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postpartum pelvic floor exercises

Postpartum Pelvic Floor Exercises for New Mums

Weakness of the pelvic floor muscle can occur during pregnancy as well as post delivery, therefore it is important to strengthen the muscle both whilst pregnant and after delivery (both vaginal delivery and c-sections). Pregnancy puts a strain on a woman's body in lots of different ways. Carrying a child can put a strain on the pelvic floor muscles causing them to weaken. Vaginal delivery can also cause trauma to the muscle especially if interventions such as forceps are used. If you fail to strengthen the pelvic floor you increase the risk of developing problems like prolapses and incontinence. Our age and hormonal changes can also have an impact on the health of the pelvic floor too. It is important to remember that when training the pelvic floor muscle you need to consider that you have two types of muscle fibres. We have fast twitch muscle fibres that activate when we cough, laugh and sneeze, and slow twitch muscle fibres that activate when we are desperate for the toilet! Training them takes two different methods.

Where to start with pelvic floor exercises

The first place to start is to work out where your pelvic floor muscle is and how it feels to contract it. If you really have no idea at all, try stopping your flow of urine next time you are at the toilet, that is your pelvic floor muscle! I would never suggest you practice your exercises this way but it is a good way to help you identify the muscle. I would then advise you to start building strength in the slow twitch fibres. Using feedback is a good way to build awareness of the pelvic floor and tactile sensation allows for a better technique. Sit on a chair or gym ball, tilt your pelvis forwards slightly so you can feel the pressure on the front genital area, now imagine there is a jellybean (or other small sweet!) underneath you, try to use your pelvic floor muscle to lift the jellybean up inside you, try and hold for 10 seconds, repeat 10 times. Initially you might only be able to hold for a few seconds but build up over time. Once you have mastered this try and imagine lifting and lowering the jellybean to different heights (almost as though your pelvic floor is a lift with perhaps three floors, take it up to the top level then drop it down to level two and so on) this builds great control of the muscle as well as strength.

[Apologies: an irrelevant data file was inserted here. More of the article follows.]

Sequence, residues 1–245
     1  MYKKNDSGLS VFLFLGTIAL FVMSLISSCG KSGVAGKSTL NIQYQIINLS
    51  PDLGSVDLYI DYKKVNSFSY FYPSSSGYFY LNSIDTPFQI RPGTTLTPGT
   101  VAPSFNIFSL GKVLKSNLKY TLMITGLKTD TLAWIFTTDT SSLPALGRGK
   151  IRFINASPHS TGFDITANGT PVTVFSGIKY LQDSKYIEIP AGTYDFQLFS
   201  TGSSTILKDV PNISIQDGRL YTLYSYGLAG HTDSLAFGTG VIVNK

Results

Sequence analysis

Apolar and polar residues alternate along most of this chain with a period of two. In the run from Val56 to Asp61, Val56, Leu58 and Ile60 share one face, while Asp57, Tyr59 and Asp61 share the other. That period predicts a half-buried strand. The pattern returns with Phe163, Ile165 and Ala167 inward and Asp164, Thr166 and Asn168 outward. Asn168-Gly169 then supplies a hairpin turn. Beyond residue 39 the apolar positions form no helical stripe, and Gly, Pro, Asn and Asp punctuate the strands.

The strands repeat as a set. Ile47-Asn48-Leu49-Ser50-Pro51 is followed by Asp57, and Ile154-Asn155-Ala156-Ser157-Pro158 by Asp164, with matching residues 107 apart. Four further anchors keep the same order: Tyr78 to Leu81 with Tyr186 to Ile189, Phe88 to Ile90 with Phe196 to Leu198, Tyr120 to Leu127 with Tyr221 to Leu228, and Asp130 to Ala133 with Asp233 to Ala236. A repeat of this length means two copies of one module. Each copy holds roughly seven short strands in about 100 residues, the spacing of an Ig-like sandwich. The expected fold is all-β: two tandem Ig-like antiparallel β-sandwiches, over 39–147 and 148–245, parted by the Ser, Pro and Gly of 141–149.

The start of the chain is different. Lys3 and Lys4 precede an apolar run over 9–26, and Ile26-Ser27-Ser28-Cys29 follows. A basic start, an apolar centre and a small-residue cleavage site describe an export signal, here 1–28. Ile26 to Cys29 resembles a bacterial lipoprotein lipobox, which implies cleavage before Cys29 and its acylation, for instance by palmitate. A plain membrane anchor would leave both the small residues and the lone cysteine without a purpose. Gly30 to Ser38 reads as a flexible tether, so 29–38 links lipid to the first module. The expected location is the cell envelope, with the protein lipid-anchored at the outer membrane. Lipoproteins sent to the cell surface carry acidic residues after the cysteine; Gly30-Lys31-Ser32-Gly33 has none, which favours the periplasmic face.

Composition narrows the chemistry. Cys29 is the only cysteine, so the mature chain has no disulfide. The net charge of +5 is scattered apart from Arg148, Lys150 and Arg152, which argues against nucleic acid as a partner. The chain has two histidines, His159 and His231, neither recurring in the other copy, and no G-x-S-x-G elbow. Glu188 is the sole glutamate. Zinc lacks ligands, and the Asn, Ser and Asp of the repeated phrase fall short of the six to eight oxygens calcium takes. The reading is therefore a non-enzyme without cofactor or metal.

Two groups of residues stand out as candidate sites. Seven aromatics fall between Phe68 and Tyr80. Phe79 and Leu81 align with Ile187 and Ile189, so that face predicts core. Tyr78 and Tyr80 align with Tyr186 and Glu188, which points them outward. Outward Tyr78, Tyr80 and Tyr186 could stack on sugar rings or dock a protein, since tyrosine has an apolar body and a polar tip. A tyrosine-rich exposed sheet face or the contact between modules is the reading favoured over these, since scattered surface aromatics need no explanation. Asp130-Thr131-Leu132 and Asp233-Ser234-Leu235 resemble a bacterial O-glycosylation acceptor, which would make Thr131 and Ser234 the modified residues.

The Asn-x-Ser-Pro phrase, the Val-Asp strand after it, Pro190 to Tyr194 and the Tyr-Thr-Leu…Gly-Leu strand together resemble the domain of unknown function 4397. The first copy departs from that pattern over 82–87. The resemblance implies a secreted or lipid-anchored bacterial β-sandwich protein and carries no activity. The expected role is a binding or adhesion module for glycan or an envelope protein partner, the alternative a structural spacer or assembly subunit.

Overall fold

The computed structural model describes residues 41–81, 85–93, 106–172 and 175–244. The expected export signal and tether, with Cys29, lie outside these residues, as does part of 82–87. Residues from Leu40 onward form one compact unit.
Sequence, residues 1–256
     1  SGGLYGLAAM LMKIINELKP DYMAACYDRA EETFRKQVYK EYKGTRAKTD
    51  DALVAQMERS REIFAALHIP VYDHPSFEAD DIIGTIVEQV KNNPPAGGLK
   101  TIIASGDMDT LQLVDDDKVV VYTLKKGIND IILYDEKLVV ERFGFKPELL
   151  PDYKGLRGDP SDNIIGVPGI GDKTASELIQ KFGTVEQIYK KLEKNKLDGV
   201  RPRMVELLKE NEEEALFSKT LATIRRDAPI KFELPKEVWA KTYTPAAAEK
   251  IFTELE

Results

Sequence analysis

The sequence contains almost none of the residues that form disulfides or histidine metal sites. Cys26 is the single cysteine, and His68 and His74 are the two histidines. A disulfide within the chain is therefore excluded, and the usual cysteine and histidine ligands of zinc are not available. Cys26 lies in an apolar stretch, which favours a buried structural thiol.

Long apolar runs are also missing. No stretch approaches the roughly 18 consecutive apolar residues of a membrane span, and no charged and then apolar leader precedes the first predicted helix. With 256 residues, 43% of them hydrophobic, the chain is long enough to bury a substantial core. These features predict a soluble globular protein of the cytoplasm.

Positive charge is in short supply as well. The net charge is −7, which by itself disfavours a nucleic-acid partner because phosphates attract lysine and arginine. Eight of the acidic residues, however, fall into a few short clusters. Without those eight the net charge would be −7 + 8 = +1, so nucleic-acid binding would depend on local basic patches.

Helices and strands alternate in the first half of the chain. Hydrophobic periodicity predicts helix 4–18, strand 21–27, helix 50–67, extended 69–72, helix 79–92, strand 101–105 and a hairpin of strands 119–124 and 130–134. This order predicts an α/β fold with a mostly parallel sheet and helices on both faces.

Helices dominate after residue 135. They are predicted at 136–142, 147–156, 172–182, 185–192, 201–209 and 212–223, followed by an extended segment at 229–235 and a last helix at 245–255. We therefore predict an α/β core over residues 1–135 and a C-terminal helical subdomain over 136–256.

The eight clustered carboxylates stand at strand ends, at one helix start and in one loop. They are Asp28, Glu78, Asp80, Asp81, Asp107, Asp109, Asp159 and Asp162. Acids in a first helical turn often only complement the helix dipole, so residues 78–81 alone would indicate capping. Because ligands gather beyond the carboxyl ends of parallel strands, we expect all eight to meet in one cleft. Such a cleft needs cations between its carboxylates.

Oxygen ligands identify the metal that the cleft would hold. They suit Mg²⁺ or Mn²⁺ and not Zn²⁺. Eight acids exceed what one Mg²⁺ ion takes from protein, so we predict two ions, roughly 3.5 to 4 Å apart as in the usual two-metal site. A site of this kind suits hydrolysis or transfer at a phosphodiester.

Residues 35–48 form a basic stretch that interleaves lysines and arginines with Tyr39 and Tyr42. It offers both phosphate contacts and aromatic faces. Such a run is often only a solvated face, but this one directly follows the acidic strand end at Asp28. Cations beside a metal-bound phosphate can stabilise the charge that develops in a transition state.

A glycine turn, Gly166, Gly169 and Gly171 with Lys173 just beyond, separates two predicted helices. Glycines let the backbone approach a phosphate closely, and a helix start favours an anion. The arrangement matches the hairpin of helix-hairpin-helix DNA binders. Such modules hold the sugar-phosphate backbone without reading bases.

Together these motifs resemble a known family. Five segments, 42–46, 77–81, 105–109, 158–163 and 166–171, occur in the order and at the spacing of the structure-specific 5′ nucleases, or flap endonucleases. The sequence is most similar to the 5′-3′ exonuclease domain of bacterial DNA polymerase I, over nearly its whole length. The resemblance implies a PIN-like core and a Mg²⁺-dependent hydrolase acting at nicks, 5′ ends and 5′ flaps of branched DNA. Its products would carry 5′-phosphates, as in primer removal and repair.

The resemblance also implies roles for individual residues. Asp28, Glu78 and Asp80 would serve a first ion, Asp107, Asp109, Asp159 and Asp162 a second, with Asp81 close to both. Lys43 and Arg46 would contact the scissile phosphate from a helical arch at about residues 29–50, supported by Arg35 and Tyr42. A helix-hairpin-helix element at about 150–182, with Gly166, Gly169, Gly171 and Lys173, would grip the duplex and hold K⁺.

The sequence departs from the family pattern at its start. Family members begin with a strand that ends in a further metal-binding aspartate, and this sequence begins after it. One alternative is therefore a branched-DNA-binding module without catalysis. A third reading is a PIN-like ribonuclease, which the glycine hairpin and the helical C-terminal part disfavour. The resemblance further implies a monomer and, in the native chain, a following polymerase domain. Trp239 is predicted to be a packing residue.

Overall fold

Postpartum pelvic floor exercises

Another exercise for your pelvic floor

My other top exercise it to lay on your back with your knees bent and a ball between your knees, ensure your lower back is slightly lifted from the floor to set your spine into neutral. Squeeze the ball between your thighs and engage the pelvic floor muscle. At the same time flatten your back down to the ground, you want to have a sensation of tightening around the pubic bone with this exercise. By squeezing the ball you activate your adductor muscles (inner thigh) which when activated will help you engage deeper with the pelvic floor. You can progress this when you're able to hold 10 seconds 10 reps to lifting your bottom up into a bridge position. This is a better exercise to perform post-partum. I wouldn't recommend this during pregnancy.

postpartum pelvic floor exercises

Building strength in the fast twitch fibres requires you to quickly contract and relax the pelvic floor, 10 fast contractions three times a day is easy to fit in! Many women after having children find it impossible to jump or star jump without leaking. Once your strength has improved post partum with the above exercises try then building functional strength by performing pelvic floor exercises whilst jumping! Unfortunately pelvic floor strength doesn't just happen. It takes effort to build strength and tone back into the muscle, as it does with any muscle. Persevere and your efforts will pay off!

About our guest author: Lyndsay Hirst is a chartered physiotherapist and a clinical Pilates instructor with over 15 years experience at working in the musculoskeletal field. She runs a hugely successful physiotherapy practice in the UK as well as a website with online clinical Pilates classes.

Image credits: Lyndsay Hirst

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